edited by Marie-Alexis Colin, Iain Fenlon, Matthew Laube.
Publication Year : March 2022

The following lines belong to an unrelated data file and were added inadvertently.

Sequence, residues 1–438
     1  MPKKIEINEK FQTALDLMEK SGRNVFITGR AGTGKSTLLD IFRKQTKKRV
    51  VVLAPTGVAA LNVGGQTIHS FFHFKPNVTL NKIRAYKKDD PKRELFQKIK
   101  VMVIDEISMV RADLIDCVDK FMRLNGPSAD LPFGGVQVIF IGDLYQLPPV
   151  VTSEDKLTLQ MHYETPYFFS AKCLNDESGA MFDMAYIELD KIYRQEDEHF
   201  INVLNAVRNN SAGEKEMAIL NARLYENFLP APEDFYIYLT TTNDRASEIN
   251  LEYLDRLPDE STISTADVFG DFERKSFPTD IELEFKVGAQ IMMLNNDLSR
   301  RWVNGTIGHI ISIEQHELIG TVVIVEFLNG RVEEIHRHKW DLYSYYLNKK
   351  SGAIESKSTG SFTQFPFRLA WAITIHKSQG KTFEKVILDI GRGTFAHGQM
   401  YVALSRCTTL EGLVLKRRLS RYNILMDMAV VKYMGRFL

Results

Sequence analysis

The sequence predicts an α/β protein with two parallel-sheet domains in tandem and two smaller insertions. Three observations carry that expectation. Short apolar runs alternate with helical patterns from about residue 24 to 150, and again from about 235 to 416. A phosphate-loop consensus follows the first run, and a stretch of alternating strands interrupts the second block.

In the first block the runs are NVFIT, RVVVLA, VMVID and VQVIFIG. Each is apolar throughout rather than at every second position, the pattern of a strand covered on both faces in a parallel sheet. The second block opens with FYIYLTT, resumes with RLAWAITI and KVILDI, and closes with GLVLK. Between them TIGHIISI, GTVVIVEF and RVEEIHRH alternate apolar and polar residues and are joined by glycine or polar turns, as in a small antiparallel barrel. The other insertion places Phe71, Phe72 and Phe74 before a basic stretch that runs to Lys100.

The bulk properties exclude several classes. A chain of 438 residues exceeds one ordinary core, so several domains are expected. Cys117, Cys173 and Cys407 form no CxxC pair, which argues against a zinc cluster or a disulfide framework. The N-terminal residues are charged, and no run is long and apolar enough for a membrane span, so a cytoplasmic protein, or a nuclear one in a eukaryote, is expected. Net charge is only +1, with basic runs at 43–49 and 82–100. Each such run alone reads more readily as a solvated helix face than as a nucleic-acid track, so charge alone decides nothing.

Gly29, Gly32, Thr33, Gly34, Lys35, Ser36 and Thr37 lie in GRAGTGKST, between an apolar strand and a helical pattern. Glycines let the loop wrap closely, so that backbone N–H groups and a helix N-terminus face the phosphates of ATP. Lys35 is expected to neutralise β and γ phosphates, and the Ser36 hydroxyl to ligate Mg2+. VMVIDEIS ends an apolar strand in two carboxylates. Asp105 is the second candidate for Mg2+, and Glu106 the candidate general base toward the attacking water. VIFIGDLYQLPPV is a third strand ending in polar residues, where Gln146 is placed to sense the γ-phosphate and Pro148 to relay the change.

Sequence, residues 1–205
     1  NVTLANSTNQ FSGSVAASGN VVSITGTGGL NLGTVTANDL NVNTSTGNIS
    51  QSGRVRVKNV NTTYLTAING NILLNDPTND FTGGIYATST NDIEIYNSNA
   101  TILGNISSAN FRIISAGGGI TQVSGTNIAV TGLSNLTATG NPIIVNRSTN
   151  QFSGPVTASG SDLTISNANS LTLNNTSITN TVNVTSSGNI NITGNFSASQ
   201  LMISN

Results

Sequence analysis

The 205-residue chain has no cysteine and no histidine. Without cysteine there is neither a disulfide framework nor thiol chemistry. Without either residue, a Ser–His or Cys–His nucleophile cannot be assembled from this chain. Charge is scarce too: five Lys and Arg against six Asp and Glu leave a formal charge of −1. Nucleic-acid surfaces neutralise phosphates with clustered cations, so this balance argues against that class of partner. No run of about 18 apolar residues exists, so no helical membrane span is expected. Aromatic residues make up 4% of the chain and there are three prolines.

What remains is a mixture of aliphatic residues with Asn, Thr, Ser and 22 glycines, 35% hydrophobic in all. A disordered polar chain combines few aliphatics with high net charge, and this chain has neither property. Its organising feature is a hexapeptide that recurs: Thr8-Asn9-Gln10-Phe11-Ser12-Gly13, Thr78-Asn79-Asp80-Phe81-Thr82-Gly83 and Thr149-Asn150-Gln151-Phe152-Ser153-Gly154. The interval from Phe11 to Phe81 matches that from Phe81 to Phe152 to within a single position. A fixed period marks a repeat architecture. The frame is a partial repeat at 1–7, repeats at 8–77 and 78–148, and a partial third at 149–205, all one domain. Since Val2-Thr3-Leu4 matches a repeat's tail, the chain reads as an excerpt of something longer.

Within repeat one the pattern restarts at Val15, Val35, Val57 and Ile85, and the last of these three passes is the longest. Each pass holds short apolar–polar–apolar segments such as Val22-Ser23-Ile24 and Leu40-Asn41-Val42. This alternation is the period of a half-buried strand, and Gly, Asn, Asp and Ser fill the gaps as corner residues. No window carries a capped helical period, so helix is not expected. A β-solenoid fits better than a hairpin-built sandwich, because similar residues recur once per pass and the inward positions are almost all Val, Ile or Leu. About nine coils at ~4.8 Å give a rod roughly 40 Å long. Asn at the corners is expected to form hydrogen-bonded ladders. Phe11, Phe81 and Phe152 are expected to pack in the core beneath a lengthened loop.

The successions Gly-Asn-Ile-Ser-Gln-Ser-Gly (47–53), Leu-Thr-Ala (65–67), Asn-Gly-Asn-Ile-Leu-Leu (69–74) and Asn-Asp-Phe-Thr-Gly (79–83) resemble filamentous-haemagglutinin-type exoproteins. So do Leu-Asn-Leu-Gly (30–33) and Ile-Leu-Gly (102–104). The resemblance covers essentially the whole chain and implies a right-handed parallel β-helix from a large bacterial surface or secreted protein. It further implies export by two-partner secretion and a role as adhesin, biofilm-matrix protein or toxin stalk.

These eleven essays, all centrally concerned with the intimate relationship between sound, religion, and society in the early modern world, present a sequence of test cases located in a wide variety of urban environments in Europe and the Americas. Written by an international cast of acclaimed historians and musicologists, they explore in depth the interrelated notions of conversion and confessionalisation in the shared belief that the early modern city was neither socially static nor religiously uniform. With its examples drawn from the Holy Roman Empire and the Southern Netherlands, the pluri-religious Mediterranean, and the colonial Americas both North and South, this book takes discussion of the urban soundscape, so often discussed in purely traditional terms of European institutional histories, to a new level of engagement with the concept of a totally immersive acoustic environment as conceptualised by R. Murray Schafer. From the Protestants of Douai, a bastion of the Catholic Reformation, to the bi-confessional city of Augsburg and seventeenth-century Farmington in Connecticut, where the indigenous Indian population fashioned a separate Christian entity, the intertwined religious, musical, and emotional lives of specifically grounded communities of early modern men and women are here vividly brought to life.